Macbeth (An Undoing): a new take that aims to reimagine Lady Macbeth’s path – but ultimately leaves you guessing

Rashidi Edward and Johnny Carr star in Macbeth (An Undoing). Jeff Busby
Rashidi Edward and Johnny Carr star in Macbeth (An Undoing). Jeff Busby

What if significant portions of William Shakespeare’s text for Macbeth had been lost, leading to a narrative in which Lady Macbeth charts a different path, free from madness?

This is the twist in Scottish playwright Zinnie Harris’ show Macbeth (An Undoing). First presented last year at the Lyceum in Edinburgh, the contemporary re-imagining of the classic tale is now premiering at The Malthouse Theatre.

Harris is celebrated for revitalising timeless works from the Western canon, infusing them with freshness and innovation. In Macbeth (An Undoing), Malthouse Artistic Director Matthew Lutton directs an ensemble cast which interweaves the original text with fictional “lost” scenes and re-imagined story fragments.

Billed as as an “adrenaline fuelled epic”, this is a rollicking tale in which grandiose Shakespearean proclamations are juxtaposed with contemporary vernacular and asides made to the audience.

A stereoscopic effect

The show’s ten actors largely work in and around Dann Barber’s imposing, monotone set. It is a labyrinthine structure of gunmetal-grey rooms and passageways on a rotating stage. The actors can variously walk around and through Castle Inverness at a pace, or be framed within contained lit vignettes.

Johnny Carr and Bojana Novakovic star as Macbeth and Lady Macbeth. Jeff Busy
Johnny Carr and Bojana Novakovic star as Macbeth and Lady Macbeth. Jeff Busy

This stereoscopic effect is a satisfying and artful conceit, setting up a kind of analogue fade where scenes appear and disappear. But it does establish a particular spatial constraint for the ensemble. The flat perspective is perfect for a tableau effect – such as witches shivering under snowfall – but little to no downstage space sometimes results in awkwardly composed clusters of actors.

The costumes are simple, stylish and streamlined, featuring muted forest colours which pop against the monotone panels. In a nod to the postdramatic, the Shakespearean world of rustic belts, cinched-in waists and thonged doublets is slowly undone as the play deconstructs – exposing modern underwear and the mechanics of the headset technology that amplifies the actors’ voices.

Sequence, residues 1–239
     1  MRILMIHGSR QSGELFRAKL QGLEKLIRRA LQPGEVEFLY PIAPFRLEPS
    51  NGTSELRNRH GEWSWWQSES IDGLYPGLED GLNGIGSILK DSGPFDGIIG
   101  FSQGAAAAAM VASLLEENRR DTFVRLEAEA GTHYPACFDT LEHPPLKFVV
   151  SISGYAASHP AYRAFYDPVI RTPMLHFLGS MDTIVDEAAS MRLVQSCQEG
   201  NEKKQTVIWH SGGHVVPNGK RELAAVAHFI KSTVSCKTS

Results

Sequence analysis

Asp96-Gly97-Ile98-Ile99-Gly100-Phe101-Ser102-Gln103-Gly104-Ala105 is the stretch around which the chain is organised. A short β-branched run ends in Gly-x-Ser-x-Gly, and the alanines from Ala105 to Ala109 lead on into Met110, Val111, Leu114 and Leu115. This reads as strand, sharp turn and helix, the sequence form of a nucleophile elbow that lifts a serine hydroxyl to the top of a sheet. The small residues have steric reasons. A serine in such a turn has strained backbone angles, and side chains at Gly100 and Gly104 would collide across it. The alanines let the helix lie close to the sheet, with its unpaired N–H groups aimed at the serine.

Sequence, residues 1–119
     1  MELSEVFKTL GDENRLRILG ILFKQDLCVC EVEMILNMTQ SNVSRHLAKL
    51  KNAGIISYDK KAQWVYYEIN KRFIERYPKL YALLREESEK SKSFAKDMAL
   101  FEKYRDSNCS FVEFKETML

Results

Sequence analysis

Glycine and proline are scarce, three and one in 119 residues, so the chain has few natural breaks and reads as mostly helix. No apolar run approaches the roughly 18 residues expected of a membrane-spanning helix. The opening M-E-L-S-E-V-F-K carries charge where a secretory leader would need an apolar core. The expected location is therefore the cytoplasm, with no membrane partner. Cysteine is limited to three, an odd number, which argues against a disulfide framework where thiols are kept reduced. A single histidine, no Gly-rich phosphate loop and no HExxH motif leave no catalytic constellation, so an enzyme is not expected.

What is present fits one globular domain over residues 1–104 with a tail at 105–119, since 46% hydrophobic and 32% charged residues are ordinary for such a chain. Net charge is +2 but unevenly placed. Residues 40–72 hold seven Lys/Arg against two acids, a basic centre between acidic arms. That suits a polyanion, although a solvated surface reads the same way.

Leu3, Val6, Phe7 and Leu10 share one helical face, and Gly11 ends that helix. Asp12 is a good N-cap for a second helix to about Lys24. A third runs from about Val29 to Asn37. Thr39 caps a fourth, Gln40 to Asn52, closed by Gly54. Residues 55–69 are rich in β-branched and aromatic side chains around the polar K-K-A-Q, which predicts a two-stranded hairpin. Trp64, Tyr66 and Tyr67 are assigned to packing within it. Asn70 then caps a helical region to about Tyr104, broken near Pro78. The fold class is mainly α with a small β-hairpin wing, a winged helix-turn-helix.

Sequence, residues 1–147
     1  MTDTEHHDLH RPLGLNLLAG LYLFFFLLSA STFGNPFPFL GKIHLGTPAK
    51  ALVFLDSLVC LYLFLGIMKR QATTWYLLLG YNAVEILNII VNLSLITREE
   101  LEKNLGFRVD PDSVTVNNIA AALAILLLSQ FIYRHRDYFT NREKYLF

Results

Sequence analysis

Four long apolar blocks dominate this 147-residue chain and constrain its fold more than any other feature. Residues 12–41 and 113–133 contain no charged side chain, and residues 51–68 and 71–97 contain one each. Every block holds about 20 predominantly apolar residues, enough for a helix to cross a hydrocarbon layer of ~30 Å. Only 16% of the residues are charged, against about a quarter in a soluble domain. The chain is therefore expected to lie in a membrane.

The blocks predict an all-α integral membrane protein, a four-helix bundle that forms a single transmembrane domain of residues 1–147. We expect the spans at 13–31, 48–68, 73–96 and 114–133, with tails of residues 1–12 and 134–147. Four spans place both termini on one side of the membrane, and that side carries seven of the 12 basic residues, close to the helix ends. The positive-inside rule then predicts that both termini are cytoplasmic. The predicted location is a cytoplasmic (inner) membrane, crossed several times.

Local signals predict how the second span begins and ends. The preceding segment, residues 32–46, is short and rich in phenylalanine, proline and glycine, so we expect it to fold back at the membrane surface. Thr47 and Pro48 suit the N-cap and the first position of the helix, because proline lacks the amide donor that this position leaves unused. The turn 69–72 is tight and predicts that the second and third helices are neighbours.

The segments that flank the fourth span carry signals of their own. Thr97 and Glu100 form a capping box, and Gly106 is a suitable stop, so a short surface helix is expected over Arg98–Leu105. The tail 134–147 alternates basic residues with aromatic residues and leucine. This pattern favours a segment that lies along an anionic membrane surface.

Solid performances – but a lack of presence

Award-winning actor Bojana Novakovic plays Lady Macbeth with a kind of daily, quotidian energy. Macbeth himself (played by Johnny Carr) is equally restrained. Both actors skirt the territory satisfactorily, but I was a little underwhelmed by their lack of physical presence, which is required to effectively convey the terror and weight of Macbeth’s story (even a re-imagined version).

I do wonder if the casual, soap-opera style of delivery was a directorial decision. It felt peculiar to me. It was lacking the necessary presence and depth needed for these roles, detracting from my engagement.

However, I did enjoy David Woods as a simmering Macduff and Natasha Herbert as Carlin, the witty and acerbic witch/servant. Herbert, in particular, has an embodied gravitas and grounded physicality that the text requires. She is funny, complex and compelling in the role.

Woods’ grimy Macduff – suspicious of Macbeth having committed the regicide of King Duncan – broods and rages in the corner. His version of Murderer is a silent, gum-chewing brute with a sustained physicality that remains potent even as he says nothing.

David Woods (centre) plays Macduff with a sustained physicality. Jeff Busby
David Woods (centre) plays Macduff with a sustained physicality. Jeff Busby

Despite its two-and-a-half hour run time, the show moves at a cracking pace.

Jethro Woodward’s sound design is relentless throughout, mixing deep rhythmic drones with textured crunches and spatialised audio. The aural space is cinematic and constant: music swells between sections to indicate scene changes and background sounds – including bells, grinding tones, knocks and ghostly fluttering wings – fill the auditorium.

The post-show music was also an apt choice, with Led Zeppelin’s thrashy Immigrant Song.

Overall, a bit undercooked

Ultimately, I felt slightly disappointed in the work, which was presented as a radical re-telling. The meta-commentary that runs through the play asks us to embrace a new trajectory for Lady Macbeth, but seems unresolved in its delivery and tone.

The play sets up big questions but falls short of adequately providing the answers. Jeff Busby
The play sets up big questions but falls short of adequately providing the answers. Jeff Busby

The play sets up big questions. Who is really in control here? Who can we trust? How do we hold it together when all else is falling and failing? Yet for all the dripping, blood-covered bodies (the blood is convincing), the work feels undercooked.

Its monumental themes of power, ambition and perspective deserved a larger, bolder set of choices. The stage combat could have also used more work as it was questionable. Perhaps the show will run itself in as the ensemble builds cohesion over time.

Either way, the audience at opening night seemed appreciative and engaged in this story of ambition, power and grief.

This article is republished from The Conversation. It was written by: Kate Hunter, Deakin University

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Kate Hunter does not work for, consult, own shares in or receive funding from any company or organisation that would benefit from this article, and has disclosed no relevant affiliations beyond their academic appointment.